It's not only good in itself - it may trigger a chain reaction. These things can happen very fast. That guy knows what the deal is and what's coming down the pike and he's decided he's better off with Guaido.

Here's another one from CNN, citing Bloomberg:

London (CNN)The Bank of England has blocked Nicolas Maduro's officials from withdrawing $1.2 billion worth of gold, Bloomberg reported, dealing a further blow to the embattled Venezuelan President as he tries to salvage his authority.

According to the report, which cites unnamed people familiar with the matter, the gold is a significant part of the $8 billion in foreign reserves held by the Venezuelan central bank.
CNN has not been able to independently verify the report and is attempting to get a response from Maduro's officials.

 It had to have been an important withdrawal, given that Maduro was going for the reserves, which is kind of like a nation's savings account. The U.K. blocked the thugs from draining those coffers, signalling that Europe is onboard for the sanctions squeeze - keeping Maduro away from Venezuela's money in the hopes he will decide it's better to leave.

Europe, in fact, has been very helpful, here's the other news item from the region - an ultimatum:

European leaders announced Saturday that if Venezuela does not hold new elections, they will recognize National Assembly leader Juan Guaidó as the country's legitimate president.

Just the idea of a helpful Europe is a good change in itself, because it does have a long and disgusting history of supporting communists and socialists in the region - from the liberation-theology money out of Germany to corrupt the region's clerics to the International Red Cross succoring FARC terrorists and hiring their relatives, to the Hague constantly harassing Colombia for trying to get rid of those same Marxist narcoterrorists and Netherlands shipping a few starry eyed guerrilla gals - the region is, after all the home of radical chic. So this represents a break from the usual intransigence, and is wonderful in itself because it's bad news for the dictatorship. When a third-world socialist dictatorship has lost Western Europe...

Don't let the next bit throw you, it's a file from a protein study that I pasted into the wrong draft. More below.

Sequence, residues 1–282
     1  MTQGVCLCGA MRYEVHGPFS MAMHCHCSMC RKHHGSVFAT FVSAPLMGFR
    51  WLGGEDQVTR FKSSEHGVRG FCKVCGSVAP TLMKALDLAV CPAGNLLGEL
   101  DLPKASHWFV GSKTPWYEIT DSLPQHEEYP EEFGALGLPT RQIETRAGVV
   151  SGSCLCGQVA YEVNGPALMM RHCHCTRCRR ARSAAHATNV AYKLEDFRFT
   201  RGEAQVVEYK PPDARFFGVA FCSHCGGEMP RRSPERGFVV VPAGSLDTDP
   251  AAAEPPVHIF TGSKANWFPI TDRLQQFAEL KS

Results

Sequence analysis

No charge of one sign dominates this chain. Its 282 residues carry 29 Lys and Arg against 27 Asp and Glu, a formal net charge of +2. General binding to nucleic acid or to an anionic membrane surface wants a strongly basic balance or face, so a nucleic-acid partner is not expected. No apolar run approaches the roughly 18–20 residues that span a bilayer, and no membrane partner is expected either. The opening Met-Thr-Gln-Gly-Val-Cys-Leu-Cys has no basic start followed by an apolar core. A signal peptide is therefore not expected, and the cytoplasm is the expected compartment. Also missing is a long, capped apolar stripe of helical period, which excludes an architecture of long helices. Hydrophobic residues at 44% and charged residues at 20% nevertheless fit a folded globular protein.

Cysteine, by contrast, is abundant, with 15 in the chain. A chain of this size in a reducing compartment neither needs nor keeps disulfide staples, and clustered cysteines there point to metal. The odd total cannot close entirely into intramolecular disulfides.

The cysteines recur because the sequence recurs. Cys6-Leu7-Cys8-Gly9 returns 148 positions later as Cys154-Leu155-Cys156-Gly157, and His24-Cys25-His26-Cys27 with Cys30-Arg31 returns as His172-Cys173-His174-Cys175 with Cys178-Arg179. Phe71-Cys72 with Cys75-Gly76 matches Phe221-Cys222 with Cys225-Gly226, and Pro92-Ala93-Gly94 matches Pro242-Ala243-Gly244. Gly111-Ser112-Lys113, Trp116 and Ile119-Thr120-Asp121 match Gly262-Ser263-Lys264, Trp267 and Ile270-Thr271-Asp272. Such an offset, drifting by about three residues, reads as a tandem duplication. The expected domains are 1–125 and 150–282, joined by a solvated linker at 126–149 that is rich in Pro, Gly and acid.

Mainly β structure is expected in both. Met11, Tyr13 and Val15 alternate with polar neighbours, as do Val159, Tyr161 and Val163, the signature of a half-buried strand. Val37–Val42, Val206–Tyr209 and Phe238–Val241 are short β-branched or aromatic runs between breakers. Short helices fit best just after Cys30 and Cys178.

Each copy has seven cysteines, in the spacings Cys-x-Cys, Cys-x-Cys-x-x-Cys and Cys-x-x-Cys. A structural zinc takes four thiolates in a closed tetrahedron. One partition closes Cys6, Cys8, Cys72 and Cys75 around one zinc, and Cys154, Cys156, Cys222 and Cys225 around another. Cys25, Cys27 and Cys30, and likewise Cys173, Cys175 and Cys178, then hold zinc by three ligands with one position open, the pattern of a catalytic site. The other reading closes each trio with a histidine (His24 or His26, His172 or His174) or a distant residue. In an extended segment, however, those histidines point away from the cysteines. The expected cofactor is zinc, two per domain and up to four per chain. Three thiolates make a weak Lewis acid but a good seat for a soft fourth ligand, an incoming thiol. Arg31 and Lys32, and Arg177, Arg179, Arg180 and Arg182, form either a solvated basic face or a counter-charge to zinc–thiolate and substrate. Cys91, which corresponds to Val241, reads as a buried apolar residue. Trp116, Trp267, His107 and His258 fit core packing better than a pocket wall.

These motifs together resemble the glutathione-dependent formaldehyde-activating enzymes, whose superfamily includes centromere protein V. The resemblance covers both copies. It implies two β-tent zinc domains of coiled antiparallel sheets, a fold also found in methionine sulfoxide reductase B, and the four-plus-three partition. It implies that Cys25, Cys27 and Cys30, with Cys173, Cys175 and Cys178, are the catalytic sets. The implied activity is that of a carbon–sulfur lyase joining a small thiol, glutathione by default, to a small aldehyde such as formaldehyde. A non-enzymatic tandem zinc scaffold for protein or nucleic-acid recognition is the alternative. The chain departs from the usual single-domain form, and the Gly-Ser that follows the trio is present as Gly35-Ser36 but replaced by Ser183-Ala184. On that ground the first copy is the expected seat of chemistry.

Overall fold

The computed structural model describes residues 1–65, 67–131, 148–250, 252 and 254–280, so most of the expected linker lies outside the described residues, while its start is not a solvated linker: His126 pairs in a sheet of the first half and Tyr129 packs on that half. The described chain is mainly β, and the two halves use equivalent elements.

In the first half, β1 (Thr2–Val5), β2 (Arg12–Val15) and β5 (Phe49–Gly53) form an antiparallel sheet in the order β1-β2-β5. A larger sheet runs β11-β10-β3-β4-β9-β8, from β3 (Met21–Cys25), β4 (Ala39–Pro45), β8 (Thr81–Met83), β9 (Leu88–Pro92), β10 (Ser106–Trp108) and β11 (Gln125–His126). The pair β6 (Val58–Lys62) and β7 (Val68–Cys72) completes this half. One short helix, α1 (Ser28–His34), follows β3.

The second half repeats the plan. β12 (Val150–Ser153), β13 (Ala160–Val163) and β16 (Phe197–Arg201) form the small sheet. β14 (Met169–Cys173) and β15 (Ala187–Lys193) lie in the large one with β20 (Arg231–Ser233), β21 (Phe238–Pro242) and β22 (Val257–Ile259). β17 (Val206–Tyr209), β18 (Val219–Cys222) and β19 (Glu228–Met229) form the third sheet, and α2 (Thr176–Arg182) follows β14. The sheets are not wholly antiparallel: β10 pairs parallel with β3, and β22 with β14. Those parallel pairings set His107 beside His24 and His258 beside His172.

Here's another one - Venezuela has blinked on the potential U.S. embassy showdown:

Easy instant analysis: That is weakness. Guess the prospect of tangling with old Elliott Abrams, who's been around the block a few times with these Latin tyrants, was something they didn't want to get involved with.

Here's yet another bit of good news from another front, off Twitter:

 

 

The Venezuelans are not letting up. They are hanging on, they are staying in the streets, and their peaceful protests are still covering the country. That signals commitment, and the people's deep desire for restoring their once-vibrant democracy. They are putting it on the line, against thugs, goons, torture and dictatorship and not letting them get away with it. That's national greatness - and a sign they are worthy of the change they call for.

Every crack in the military is good news. Every bid to separate Maduro from Venezuela's money is good news. Every diplomatic united front to dislodge the dictatorship is good news. And with people hanging on in hope, the stage is set for great news. There is reason for optimism that the odious socialist dictatorship is not going to maintain its grip. 

Image credit: Twitter screen shot